This article first appeared in issue 230 of .net magazine – the world's best-selling magazine for web designers and developers.
The ‘content should be free’ mantra has represented a major barrier to the digital content industry. However, with ubiquitous connectivity fast approaching, the range of enabled devices proliferating and mainstream consumers now accustomed to sourcing entertainment via the web, we believe the market is on the brink of major change.
As runaway success stories such as iTunes and Netflix demonstrate, consumers of all ages are ready, willing and already buying digital content in large numbers. The key difference that makes people happy to pay for content at these standout sites is that they understand how to encourage people to reach for their wallets.
Put simply, they provide a blend of relevancy, convenience and cost-effectiveness that dovetails with the way people live today, and for most that combination outweighs the uncertainty of pirate sites and free sharing networks.
It’s that easy. To enable themselves to charge for content, all anyone has to do is meet the six key criteria that services such as iTunes have adopted to embrace 21st Century consumers.
1. Make content easy to find
Internet consumers have too much choice, and finding the videos, blogs and stories that centre on the subjects they’re interested in is becoming tougher amid a welter of white noise. In order to counteract this issue, producers must make their content as discoverable as possible, ensuring that every item is properly labelled with the right, SEO savvy, tags and descriptions.
2. Set the right price point
According to Jakob Nielsen, 15 per cent of web users have already paid for music or game content online and more than 50 per cent say they would certainly consider doing so. With analysts predicting that iTunes sales could reach $13billion in the next year, the debate about whether people will pay for online content is over. They will if the price is right.
3. Make it easy to purchase and consume
There are plenty of opportunities for web users to download music from file sharing sites for free, yet the iTunes store’s takings continue to increase exponentially. Why? Because it’s reliable, convenient and reasonably priced. On that basis, consumers will choose ease over cost nearly every time.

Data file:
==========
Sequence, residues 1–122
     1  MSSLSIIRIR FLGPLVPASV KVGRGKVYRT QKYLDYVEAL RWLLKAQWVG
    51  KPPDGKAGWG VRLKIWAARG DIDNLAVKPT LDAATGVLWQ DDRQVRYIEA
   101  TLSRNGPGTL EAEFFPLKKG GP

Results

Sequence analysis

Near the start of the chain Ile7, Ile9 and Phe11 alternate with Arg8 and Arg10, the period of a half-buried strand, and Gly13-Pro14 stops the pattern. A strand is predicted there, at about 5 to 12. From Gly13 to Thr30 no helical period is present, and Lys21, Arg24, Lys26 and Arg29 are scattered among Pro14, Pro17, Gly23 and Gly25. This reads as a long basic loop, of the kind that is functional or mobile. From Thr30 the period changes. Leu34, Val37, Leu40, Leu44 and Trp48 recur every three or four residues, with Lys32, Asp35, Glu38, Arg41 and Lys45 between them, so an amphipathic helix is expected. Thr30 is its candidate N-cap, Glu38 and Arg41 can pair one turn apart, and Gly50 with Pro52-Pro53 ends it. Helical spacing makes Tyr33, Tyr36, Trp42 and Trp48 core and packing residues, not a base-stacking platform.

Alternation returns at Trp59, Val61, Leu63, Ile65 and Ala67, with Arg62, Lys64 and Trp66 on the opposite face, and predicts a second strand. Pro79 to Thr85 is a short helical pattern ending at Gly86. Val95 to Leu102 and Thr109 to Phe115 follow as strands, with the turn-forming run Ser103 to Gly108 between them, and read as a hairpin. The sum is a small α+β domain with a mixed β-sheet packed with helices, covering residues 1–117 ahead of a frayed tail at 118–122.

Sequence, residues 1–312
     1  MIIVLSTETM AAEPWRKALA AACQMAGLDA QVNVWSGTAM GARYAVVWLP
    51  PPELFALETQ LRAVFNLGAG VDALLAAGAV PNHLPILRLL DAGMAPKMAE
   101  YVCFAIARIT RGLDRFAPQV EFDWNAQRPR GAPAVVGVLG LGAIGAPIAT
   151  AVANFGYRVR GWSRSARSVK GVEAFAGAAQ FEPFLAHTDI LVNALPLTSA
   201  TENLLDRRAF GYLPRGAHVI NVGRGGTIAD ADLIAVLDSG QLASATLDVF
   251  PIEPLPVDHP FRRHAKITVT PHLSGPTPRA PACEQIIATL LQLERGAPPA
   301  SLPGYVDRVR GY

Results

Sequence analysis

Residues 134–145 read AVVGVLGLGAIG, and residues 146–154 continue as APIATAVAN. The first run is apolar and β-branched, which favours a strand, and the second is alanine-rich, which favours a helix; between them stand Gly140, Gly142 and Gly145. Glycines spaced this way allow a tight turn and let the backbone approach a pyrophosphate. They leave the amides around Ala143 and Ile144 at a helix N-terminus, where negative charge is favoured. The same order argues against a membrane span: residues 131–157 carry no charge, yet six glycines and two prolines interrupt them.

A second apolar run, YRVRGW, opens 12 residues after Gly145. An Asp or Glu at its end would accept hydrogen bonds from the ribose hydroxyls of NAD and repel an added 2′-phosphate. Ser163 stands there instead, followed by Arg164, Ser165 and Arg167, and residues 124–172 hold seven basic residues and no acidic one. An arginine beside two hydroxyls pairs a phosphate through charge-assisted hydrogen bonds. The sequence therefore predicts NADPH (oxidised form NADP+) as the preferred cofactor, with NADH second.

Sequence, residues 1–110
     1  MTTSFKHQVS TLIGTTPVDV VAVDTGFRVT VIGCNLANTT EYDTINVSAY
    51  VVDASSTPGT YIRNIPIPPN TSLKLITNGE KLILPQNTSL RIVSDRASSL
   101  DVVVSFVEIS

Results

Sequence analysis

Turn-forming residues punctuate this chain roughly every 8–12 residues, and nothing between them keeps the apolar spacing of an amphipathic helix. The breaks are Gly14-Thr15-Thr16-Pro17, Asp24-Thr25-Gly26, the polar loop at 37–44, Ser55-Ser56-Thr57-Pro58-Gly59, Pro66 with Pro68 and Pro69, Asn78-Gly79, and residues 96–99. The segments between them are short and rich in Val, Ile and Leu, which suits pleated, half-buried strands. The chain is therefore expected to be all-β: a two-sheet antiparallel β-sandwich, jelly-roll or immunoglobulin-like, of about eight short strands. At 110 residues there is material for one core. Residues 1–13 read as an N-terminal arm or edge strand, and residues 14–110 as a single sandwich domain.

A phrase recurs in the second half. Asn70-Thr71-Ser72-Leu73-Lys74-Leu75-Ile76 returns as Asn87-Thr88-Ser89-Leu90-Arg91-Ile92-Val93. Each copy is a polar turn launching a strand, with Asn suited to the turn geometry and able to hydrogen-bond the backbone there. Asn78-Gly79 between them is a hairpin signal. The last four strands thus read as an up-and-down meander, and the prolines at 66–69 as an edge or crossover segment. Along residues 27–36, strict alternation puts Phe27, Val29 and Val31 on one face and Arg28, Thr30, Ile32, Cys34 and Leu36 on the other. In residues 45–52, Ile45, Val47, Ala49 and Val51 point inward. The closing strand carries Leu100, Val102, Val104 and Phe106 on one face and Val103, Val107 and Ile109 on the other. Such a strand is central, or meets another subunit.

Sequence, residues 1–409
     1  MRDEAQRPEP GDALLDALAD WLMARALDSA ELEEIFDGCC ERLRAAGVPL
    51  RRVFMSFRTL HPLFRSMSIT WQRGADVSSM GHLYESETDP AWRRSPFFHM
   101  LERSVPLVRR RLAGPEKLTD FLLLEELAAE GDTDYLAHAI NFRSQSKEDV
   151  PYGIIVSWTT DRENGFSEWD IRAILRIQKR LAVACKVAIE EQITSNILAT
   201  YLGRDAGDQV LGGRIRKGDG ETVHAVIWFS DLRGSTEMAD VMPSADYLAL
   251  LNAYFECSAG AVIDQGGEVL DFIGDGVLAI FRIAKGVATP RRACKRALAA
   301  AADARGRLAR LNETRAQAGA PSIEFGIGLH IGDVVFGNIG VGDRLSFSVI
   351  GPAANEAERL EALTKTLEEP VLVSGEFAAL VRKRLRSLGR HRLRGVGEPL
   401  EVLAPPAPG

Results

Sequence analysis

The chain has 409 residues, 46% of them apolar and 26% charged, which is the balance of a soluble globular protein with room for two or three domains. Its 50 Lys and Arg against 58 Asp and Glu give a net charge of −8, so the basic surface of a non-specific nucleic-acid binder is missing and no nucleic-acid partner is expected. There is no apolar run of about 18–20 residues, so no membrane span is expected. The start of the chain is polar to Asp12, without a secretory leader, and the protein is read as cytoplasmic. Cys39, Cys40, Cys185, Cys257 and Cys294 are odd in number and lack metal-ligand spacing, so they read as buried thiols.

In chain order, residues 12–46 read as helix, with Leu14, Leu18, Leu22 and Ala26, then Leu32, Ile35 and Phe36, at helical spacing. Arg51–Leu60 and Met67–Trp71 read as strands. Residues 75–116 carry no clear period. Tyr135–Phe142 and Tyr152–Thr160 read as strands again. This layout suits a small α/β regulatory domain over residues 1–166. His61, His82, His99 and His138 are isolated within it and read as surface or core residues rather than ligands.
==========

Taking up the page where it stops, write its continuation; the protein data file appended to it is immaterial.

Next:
4. Keep it safe
There is no panacea to solve the solution of copyright theft, but to protect themselves content creators must assert their legal rights and ownership, while clearly presenting anyone viewing the content with the details of such. Additionally, they need to put in place a technical system that ensures only those with permission can consume the materials made available online.
5. Make it social
Hopes of users being introduced to a wider range of materials through networks such as Twitter are thus far proving largely unfounded. However, with users of social networking services responsible for creating 550million ‘Likes’ and Tweets every day, every content service must have the capability to plug into these growing networks.
6. Keep the quality high
People read, watch and listen to content that they regard as informative or entertaining, and as shown by iTunes, are prepared to pay for anything they deem to be of appropriate quality.
The iTunes system already works well for the top one per cent of the content market. All the sector needs now is to establish an appropriate platform for consumers to browse and purchase the other 99 per cent and we’re done.
That may sound like a daunting task, but experience shows us that if you get the ingredients right, today’s web users are ready and willing to pay for the content they want.